intervention which compromises the function of these glands may result in hypoandrogenemia. Bilateral oophorectomy has been demonstrated to result in a 60% reduction in serum testosterone in premenopausal women and a 50% decrease in postmenopausal women, suggesting that the ovaries produce approximately half of circulating testosterone in women, with the other half derived from adrenal precursors. In contrast, more than 90% of DHEAS is produced by the adrenal glands. Therefore, bilateral oophorectomy and/or adrenal insufficiency result in a marked diminution in circulating testosterone, with a reduction in DHEAS also observed in women with adrenal insufficiency. Women with hypopituitarism, particularly those with both hypoadrenalism and hypogonadism, have severe androgen deficiency, including decreased testosterone, free testosterone, androstenedione and DHEAS. Medications that suppress ovarian function, such as oral contraceptives, and those that suppress adrenal function, including glucocorticoids, also reduce androgen levels in women. Oral estrogens, even at low doses, reduce free testosterone by increasing SHBG levels.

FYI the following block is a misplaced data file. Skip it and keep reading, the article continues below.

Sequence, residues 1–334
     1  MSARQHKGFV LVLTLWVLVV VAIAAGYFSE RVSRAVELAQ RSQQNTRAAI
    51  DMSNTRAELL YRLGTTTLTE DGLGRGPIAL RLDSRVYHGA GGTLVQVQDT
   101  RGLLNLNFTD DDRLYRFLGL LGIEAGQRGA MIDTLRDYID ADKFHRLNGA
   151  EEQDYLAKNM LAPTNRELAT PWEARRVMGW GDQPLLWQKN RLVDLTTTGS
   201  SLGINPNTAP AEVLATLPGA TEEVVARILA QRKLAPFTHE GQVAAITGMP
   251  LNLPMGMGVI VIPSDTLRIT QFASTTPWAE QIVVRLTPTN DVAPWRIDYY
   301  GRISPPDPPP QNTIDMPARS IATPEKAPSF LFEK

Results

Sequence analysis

Our studies on the developmental function of the neurosteroid dehydroepiandrosterone (DHEA) and DHEA-sulfate (DHEAS) indicates that they are distinct neurosteroids: DHEA stimulates axonal growth from specific populations of neocortical neurons while DHEAS stimulates dendritic growth from those cells. DHEA, but not DHEAS, also affects differentiation of hindbrain cholinergic neurons.

    The Test

    1.How is it used?
    2.When is it ordered?
    3.What does the test result mean?
    4.Is there anything else I should know?

    How is it used?